You’ve probably seen it a thousand times: your child is utterly lost in his or her imagination. It might be while playing with a Lego Star Wars set as an obvious battle of good versus evil takes place on the basement floor complete with laser blast sounds and droid beeps. Perhaps it’s the giggly voices you hear coming from your child’s room as she and her friend play “house” or “school” with their dolls. You’ve seen a towel becomes a superhero cape, a stick become a knight’s sword, and a plastic crown with its stickers missing become the precious tiara of a princess. You’ve read the same story to them over and over till you’ve got the whole thing memorized and, yet, they beg to hear it again. Your child’s imagination is in full gear. And it’s beautiful.
Our imaginations are one of God’s greatest and most profound gifts, and I’m convinced it’s one of the things that Jesus is referring to when he tells his disciples, “Let the little children come to me, and do not hinder them, for the kingdom of God belongs to such as these. Truly I tell you, anyone who will not receive the kingdom of God like a little child will never enter it (Mark 10:14-15).” What exactly does he mean here? Does he want them to be more immature and childish? Is he calling them to revert to a child-like state of being where they refuse to eat vegetables, hate sharing their toys, and want to sleep with the light on? Of course not. But what I believe Jesus is getting at here is his desire for his followers to have a child-like trust and state of mind when it comes to their faith in him.
Kids have the amazing ability to believe in things that adults find difficult to grasp. A child has no trouble believing in his or her imaginary friend, a monster in the closet, that he or she really can one day become a superhero, or that unicorns truly exist. And, because of this, they can believe whole-heartedly in a God they can’t see with their eyes. They can see him with the eyes of their imagination, and that enables them to trust him with fewer holdbacks than we adults tend to have. Where we wonder scientifically how Jesus could possibly make five loaves of bread and two fish feed thousands of people, a child simply smiles and believes that Jesus can do anything, so why not? Where we struggle with the idea of how much God loves us despite our sins, a child – whose whole existence has been wrapped in love and encouragement from family and friends – has no trouble believing he or she is loved unconditionally by God. And where we find it hard to believe that we can make a difference in the world, kids know they can make a difference.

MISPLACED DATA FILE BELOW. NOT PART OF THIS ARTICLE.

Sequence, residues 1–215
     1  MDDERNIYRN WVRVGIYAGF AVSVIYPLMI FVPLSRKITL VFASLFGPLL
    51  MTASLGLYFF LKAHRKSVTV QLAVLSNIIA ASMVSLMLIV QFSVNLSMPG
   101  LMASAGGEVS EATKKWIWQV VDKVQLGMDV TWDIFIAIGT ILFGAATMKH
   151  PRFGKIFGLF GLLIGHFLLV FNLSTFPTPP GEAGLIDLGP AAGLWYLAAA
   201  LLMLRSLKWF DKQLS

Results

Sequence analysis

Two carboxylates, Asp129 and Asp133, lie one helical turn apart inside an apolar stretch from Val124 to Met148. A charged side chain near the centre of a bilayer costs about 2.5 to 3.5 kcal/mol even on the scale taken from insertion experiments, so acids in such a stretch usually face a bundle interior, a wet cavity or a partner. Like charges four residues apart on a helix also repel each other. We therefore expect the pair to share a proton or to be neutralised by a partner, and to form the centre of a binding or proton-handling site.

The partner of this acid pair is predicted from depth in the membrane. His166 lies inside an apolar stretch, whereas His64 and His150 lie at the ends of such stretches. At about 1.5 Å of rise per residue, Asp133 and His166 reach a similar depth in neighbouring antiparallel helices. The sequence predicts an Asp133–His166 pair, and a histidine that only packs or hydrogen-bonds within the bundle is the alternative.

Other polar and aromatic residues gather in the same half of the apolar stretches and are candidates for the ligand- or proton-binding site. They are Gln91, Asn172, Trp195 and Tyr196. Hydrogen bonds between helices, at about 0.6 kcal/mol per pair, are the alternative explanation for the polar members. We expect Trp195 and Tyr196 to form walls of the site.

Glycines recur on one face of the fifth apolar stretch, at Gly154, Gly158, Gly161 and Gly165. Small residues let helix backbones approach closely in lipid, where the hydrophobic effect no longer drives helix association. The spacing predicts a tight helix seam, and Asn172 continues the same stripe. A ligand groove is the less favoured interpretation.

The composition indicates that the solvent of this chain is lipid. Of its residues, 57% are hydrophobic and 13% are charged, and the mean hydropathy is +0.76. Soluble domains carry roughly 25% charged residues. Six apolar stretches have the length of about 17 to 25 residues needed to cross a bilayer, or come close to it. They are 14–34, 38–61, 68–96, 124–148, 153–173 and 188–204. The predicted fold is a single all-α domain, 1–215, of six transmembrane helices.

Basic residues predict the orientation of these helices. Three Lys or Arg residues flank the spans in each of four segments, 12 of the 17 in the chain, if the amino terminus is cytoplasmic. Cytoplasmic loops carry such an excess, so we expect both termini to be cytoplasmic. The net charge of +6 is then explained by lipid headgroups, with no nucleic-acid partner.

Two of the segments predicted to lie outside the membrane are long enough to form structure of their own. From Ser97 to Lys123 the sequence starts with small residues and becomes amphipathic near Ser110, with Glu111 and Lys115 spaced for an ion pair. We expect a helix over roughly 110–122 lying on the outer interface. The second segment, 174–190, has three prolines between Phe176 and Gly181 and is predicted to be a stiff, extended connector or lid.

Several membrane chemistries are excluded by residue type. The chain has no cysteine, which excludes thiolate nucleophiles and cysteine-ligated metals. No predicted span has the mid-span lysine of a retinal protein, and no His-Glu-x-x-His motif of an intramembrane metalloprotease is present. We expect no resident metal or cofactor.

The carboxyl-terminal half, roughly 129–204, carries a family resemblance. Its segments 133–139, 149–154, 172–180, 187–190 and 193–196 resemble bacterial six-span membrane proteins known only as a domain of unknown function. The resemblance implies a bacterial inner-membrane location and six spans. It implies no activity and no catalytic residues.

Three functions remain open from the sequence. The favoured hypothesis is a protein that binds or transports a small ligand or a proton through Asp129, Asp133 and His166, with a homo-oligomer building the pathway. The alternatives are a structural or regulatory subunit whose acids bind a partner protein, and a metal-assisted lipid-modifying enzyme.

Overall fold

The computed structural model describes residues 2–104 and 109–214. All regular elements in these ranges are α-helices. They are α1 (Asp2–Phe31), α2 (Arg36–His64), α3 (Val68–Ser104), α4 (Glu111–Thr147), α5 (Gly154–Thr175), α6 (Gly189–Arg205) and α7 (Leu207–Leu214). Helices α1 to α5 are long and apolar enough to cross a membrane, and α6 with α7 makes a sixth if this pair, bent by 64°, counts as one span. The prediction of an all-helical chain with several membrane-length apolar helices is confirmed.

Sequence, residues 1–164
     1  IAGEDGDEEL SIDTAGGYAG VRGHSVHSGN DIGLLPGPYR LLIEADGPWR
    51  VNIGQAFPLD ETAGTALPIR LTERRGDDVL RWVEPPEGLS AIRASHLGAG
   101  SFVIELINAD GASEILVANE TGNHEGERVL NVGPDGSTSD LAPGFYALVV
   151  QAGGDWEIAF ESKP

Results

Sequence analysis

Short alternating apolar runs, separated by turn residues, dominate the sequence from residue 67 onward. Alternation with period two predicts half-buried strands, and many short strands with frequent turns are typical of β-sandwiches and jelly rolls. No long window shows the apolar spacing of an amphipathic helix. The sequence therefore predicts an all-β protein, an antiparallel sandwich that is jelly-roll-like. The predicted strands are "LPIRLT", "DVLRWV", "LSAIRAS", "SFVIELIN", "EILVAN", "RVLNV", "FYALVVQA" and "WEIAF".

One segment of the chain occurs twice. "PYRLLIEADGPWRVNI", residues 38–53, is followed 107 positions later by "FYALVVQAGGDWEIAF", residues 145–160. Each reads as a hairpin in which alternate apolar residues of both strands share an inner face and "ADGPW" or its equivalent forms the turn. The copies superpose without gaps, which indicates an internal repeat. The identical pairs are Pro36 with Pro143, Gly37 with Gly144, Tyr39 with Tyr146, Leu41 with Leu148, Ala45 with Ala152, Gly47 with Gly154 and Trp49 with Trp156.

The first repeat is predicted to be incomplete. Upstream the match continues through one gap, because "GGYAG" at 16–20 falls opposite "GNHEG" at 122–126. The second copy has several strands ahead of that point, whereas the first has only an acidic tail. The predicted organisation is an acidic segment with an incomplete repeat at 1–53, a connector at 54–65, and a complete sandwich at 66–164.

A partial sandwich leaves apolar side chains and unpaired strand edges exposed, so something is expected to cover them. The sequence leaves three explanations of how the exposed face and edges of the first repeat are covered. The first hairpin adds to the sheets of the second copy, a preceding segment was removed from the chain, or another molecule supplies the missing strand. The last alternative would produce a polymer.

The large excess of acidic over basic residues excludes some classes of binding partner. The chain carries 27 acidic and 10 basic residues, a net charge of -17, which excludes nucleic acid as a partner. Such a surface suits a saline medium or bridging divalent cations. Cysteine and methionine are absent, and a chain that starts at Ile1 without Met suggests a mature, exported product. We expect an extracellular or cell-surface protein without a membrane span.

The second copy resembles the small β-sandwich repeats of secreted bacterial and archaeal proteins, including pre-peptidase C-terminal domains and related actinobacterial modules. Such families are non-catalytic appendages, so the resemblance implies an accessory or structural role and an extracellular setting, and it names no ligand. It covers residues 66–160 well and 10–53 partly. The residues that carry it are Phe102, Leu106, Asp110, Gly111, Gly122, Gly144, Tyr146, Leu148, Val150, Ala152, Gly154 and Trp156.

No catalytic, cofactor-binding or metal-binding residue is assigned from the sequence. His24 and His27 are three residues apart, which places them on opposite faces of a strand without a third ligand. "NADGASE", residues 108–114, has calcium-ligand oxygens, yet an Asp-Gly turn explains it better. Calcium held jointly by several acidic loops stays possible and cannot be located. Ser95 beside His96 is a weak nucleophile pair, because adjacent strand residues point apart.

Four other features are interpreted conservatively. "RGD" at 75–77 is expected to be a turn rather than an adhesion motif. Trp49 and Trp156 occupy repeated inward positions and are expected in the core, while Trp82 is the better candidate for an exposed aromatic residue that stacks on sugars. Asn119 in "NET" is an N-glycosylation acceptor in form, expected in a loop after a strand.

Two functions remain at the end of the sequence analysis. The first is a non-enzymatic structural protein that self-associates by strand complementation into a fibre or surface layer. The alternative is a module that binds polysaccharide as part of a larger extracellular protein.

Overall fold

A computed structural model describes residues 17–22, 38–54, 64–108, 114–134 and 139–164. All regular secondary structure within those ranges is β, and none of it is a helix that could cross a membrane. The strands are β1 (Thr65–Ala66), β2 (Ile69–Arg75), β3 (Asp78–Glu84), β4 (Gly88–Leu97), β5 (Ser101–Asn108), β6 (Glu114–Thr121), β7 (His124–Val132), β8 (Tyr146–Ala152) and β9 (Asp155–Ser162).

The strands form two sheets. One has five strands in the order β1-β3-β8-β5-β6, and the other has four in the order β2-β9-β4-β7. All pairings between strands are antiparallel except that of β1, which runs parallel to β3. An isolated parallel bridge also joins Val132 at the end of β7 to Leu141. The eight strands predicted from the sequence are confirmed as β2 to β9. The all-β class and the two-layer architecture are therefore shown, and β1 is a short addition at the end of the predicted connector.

It’s something author C.S. Lewis understood well. In the dedication to what is, arguably, his most famous novel – The Lion, the Witch, and the Wardrobe – he wrote:
“My Dear Lucy, I wrote this story for you, but when I began it I had not realized that girls grow quicker than books. As a result you are already too old for fairy tales, and by the time it is printed and bound you will be older still. But some day you will be old enough to start reading fairy tales again. You can then take it down from some upper shelf, dust it, and tell me what you think of it. I shall probably be too deaf to hear, and too old to understand a word you say, but I shall still be your affectionate Godfather, C. S. Lewis.”
We seem to have this idea that, at some point, the use of one’s imagination should dwindle and be replaced by “real life.” And there is some truth to that, for Paul says in 1 Corinthians 13:11, “When I was a child, I talked like a child, I thought like a child, I reasoned like a child. When I became a man, I put the ways of childhood behind me.” But whereas Paul here is referencing our spiritual maturity (meaning our progress in following Christ), Jesus was speaking to his disciples about our spiritual imagination. For, as Hebrews 11:1 says, “Now faith is confidence in what we hope for and assurance about what we do not see.” A child has faith and confidence in what he or she cannot see, and from that faith springs hope. Good will conquer evil. The hero will win the fight. We can make a difference in our world.
Therefore, one of the best ways to engage your child’s faith is to go through his or her imagination. By telling him or her stories filled with truths, playing pretend, enjoying movies together, and creating art, you can help your child build his or her faith. Engaging a child’s imagination draws him or her in, puts things in a language he or she can grasp, and connects him or her to the larger story of the world – God’s story.
So the next time your child wants to prance about the kitchen in your shoes and pretend to be “Elsa” or “Olaf” from Frozen, just “let it go.” Your child is exercising the gift of imagination. May it inspire you to follow his or her example and engage your imagination and help you grow in faith, as well.